The same mistake is made when people talk of instant and delayed gratification. Without context, neither is good nor bad. The person that’s praised for resistance could be unthinkingly kicking a can down the road because they see not an action that will likely make their life better, but because they are blinded by a simplistic belief that delayed gratification = good, while also failing to see that if you delay forever, you end up dead before you end up gratified.[4] Recall how diets based on denial cannot work: if a gratification is delayed only with a fight, then even when you come to consume it later – If during the delay your story of yourself as the person who ‘wants’ the short-term dopamine hit doesn’t change – what have you really won? To call either the instant or delayed variety of gratification ‘good’ is to make the mistake of assuming it’s only the consumption that counts towards the Goodness of a life.

To isolate the past, the present, or the future also fails to see that past and future are both part of the present. A decision that extracts itself from your narrative may be easier to model, but it becomes useless in the process. For example, your memories, your sense of self, and the psychological security from knowing what you have lived through already are ‘past’. Your anticipatory happiness and psychological security from imagined consequences are ‘future’. They all shape your centre of narrative gravity. They all contribute to your decisions in the present, and determine whether a decision can subsequently be thought to have worked out well or not.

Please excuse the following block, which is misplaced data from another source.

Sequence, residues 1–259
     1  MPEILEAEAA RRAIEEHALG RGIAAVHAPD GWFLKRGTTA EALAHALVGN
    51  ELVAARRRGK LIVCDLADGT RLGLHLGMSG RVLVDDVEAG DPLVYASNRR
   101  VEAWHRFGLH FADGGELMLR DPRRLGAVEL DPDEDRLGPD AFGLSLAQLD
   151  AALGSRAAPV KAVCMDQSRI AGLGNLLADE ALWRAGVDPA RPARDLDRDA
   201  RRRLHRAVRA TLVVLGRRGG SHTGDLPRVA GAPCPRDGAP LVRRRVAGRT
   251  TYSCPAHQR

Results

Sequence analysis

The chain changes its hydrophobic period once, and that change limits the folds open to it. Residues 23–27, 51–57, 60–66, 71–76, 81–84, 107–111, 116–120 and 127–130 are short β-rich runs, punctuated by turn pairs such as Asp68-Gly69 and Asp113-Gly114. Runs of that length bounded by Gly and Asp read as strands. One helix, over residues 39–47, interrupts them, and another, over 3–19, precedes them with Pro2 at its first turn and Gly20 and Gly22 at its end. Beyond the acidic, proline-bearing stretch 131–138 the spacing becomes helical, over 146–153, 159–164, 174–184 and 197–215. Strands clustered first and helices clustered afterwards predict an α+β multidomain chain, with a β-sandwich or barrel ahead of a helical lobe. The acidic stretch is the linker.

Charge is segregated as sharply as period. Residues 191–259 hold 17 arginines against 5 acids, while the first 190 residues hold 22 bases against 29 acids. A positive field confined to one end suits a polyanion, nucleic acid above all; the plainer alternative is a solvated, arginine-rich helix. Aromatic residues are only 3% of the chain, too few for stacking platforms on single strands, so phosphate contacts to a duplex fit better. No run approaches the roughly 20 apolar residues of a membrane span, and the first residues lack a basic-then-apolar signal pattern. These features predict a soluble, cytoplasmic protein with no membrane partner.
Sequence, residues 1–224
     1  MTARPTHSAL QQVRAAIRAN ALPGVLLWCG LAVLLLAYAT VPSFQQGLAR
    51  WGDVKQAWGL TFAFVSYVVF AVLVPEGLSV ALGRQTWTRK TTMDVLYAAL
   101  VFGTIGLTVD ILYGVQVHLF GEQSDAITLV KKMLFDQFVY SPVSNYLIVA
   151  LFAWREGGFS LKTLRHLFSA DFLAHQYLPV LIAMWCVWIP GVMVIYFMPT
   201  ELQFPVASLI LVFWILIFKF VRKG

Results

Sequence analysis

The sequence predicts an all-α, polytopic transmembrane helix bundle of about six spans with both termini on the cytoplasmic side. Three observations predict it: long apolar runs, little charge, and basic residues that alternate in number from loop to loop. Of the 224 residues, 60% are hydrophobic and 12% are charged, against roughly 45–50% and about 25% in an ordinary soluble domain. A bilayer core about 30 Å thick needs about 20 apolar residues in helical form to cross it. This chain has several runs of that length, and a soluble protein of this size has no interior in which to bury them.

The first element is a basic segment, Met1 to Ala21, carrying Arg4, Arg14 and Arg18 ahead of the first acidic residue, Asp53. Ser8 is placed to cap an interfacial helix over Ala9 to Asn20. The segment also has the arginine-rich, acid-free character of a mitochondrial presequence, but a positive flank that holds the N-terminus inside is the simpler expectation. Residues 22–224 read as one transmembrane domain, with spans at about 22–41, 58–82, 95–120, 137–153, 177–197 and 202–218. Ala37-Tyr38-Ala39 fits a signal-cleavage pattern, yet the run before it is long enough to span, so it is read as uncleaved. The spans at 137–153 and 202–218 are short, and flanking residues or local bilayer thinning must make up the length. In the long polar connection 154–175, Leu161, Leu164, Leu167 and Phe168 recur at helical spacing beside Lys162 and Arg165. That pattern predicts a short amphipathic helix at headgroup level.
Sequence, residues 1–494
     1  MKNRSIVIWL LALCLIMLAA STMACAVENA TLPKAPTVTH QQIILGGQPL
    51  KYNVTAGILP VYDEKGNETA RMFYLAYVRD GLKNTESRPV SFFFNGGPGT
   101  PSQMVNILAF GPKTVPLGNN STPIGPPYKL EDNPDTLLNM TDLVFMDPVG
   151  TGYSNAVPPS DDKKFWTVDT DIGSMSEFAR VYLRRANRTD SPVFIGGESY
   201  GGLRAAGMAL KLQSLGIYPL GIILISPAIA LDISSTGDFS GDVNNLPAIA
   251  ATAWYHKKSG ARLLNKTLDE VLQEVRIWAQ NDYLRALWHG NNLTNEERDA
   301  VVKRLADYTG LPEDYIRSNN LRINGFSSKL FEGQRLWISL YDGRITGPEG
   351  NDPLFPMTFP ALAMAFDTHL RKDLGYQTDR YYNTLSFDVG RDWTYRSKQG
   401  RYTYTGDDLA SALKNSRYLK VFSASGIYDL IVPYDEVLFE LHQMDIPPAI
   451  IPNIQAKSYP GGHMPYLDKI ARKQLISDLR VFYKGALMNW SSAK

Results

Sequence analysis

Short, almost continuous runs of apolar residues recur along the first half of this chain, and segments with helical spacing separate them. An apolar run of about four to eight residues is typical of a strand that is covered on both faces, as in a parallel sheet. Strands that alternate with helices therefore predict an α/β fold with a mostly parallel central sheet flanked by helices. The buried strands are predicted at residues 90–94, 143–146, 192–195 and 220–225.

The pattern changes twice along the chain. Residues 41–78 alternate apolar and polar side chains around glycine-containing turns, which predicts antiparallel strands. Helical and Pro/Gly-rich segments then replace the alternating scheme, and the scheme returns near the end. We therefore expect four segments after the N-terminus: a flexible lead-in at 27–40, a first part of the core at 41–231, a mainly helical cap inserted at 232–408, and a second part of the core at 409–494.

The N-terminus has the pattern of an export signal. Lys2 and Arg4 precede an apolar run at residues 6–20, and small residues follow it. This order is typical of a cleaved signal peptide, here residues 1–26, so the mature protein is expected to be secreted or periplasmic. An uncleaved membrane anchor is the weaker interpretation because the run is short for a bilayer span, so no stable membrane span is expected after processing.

Stopping and thinking about such things is not as easy as gliding along on unthinking neural grooves, but if the aim is to get reroute unhelpful grooves and live a better life, not stopping and thinking is suicidal.

The cognitive load of connecting every purchase to a grander narrative – zooming in and zooming out at the same time – is unfeasibly heavy. So we turn to heuristics. But we need more thoughtful heuristics. We need not be more conscious about every decision if we are more conscious about how we cultivate our ability to connect the now to our narrative; if we set ourselves up to take right action by the effortless effort of wu wei.[5]

An unexamined life is an unfulfilled life

To follow right knowledge with right action requires not having better knowledge, but becoming a person who uses it more thoughtfully

To take right action without it being a right pain means shifting from our having mode to our becoming mode.